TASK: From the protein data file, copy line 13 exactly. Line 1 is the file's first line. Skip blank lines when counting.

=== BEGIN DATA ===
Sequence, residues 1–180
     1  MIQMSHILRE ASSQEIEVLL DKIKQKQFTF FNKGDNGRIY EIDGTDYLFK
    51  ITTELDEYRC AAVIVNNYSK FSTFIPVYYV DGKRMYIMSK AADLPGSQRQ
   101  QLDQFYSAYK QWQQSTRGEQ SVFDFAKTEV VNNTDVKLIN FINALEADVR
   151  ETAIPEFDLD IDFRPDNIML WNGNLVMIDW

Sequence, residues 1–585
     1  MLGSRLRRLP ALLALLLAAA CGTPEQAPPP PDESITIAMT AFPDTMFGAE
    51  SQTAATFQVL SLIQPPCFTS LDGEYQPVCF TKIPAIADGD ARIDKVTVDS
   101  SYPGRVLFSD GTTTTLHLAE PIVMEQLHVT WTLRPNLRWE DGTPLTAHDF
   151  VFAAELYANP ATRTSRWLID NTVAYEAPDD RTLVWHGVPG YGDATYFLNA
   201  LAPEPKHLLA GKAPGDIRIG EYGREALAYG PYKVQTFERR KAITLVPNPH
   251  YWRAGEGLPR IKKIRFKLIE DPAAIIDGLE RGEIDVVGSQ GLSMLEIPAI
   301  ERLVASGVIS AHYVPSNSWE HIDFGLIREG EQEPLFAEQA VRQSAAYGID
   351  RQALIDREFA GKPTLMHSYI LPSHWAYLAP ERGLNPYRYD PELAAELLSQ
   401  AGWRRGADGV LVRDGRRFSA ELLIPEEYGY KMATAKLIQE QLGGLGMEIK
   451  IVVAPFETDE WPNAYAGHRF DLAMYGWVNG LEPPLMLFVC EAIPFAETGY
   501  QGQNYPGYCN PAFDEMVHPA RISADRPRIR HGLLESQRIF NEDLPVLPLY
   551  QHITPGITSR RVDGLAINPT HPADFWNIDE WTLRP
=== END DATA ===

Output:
   301  ERLVASGVIS AHYVPSNSWE HIDFGLIREG EQEPLFAEQA VRQSAAYGID